The general ledger is the master set of accounts that aggregates all transactions recorded for a business. When a person is reconciling the general ledger, this usually means that individual accounts within the general ledger are being reviewed to ensure that the source documents match the balances shown in each account. The reconciliation process is a common activity just prior to the arrival of the auditors for the annual audit, to ensure that the accounting records are in pristine condition.
The reconciliation process at the account level typically comprises the following steps:
Beginning balance investigation. Match the beginning balance in the account to the ending reconciliation detail from the prior period. If the amounts do not match, investigate the reason for the variance in the prior period. If the account has not been reconciled for some time, it is possible that the error lies several periods in the past.
Current period investigation. Match the transactions reported in the account within the period to the underlying transactions, and adjust as necessary.
Adjustments review. Review all adjusting journal entries recorded in the account within the period for appropriateness, and adjust as necessary.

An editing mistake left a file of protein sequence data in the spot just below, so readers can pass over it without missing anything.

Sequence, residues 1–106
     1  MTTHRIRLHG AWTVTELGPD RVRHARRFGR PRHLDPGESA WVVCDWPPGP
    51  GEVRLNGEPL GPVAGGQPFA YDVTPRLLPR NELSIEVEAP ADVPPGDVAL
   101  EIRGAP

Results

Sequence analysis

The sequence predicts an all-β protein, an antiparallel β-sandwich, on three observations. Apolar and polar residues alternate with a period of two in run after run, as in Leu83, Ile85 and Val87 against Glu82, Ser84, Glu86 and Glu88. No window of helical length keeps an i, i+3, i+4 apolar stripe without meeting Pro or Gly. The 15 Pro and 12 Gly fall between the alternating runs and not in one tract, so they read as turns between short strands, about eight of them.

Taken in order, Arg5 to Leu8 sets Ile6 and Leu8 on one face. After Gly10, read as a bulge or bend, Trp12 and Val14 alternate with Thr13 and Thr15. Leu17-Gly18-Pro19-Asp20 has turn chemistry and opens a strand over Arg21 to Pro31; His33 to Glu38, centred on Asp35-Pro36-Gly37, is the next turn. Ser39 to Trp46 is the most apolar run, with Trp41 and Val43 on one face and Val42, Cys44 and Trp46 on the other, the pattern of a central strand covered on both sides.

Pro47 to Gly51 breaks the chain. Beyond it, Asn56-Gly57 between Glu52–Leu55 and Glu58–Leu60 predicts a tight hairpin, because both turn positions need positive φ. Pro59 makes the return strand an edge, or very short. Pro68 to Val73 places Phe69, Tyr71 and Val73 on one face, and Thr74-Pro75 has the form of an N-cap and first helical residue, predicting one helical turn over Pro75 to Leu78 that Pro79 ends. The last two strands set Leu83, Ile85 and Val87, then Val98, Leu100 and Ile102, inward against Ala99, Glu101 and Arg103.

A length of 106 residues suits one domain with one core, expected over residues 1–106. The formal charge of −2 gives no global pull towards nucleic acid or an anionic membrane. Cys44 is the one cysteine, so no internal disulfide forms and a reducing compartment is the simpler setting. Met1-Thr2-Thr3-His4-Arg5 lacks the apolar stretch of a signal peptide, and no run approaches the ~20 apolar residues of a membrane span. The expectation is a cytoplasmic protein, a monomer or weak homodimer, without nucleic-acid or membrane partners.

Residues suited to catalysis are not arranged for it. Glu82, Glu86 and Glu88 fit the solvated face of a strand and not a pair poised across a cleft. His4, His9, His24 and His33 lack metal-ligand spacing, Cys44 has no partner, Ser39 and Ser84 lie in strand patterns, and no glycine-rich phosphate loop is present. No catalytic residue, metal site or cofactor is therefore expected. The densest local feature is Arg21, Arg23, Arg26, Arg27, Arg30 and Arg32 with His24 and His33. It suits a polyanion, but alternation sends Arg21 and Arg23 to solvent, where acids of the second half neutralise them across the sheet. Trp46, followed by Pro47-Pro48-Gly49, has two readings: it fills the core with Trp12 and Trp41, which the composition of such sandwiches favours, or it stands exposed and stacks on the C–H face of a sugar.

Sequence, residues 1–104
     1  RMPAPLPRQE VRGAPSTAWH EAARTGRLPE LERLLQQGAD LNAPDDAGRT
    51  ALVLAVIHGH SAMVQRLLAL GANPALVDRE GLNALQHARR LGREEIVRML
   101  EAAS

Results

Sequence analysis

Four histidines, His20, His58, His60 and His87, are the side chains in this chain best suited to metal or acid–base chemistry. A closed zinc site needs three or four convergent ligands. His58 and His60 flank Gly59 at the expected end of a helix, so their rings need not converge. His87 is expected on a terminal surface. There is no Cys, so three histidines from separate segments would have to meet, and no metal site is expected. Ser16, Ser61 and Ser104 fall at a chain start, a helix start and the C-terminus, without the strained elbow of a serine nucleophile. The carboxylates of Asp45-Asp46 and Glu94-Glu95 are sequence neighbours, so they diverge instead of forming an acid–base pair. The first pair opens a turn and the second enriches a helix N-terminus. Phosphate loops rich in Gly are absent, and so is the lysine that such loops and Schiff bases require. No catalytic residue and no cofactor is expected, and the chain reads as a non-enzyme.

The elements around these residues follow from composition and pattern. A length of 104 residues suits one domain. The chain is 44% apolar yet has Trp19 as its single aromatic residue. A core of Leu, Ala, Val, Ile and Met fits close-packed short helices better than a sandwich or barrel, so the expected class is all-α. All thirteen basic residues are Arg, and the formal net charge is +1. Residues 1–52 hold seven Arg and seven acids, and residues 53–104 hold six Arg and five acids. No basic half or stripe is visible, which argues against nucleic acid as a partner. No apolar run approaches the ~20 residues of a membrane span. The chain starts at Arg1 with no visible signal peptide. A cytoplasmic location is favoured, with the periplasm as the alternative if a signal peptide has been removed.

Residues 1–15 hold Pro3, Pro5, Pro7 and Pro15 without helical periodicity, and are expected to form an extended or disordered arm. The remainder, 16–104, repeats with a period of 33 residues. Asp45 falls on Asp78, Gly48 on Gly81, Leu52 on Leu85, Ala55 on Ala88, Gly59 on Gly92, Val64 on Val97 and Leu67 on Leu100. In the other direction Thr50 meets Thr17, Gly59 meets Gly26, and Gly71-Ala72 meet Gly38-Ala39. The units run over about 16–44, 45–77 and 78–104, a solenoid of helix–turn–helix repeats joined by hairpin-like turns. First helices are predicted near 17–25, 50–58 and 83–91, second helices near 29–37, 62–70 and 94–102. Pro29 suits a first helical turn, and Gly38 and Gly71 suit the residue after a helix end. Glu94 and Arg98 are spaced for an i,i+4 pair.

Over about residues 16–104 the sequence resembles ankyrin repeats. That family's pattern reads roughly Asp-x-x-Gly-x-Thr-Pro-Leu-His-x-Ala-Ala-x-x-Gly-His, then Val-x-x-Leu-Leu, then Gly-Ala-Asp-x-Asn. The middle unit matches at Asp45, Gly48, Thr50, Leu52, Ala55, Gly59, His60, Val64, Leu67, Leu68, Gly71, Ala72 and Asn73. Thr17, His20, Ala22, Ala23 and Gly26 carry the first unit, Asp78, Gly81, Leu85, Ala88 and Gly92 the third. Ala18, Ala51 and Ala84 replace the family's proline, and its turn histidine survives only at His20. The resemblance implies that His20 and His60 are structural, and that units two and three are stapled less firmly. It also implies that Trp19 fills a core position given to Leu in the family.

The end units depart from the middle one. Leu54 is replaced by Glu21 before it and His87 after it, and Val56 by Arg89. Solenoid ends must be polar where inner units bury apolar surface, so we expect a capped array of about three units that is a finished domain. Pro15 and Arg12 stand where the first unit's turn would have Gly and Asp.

Reversals review. Ensure that all journal entries that should have reversed within the period have been reversed.
Ending balance review. Verify that the ending detail for the account matches the ending account balance.
The concept of reconciling the general ledger can also refer to examining the general ledger as a whole to ensure that all accounts are being aggregated into the financial statements. This reconciliation process involves the following steps:
Summarize the ending balances in all expense accounts and verify that the aggregate amount matches the expense total in the income statement. This can be conducted at the individual expense line item level in the income statement.
Reconciling the general ledger may also mean the investigation of an unbalanced general ledger, which is when the total of all debits does not match the total of all credits in the trial balance. This process involves investigating debit and credit totals at the individual account level to see which account contains the mismatched debits and credits.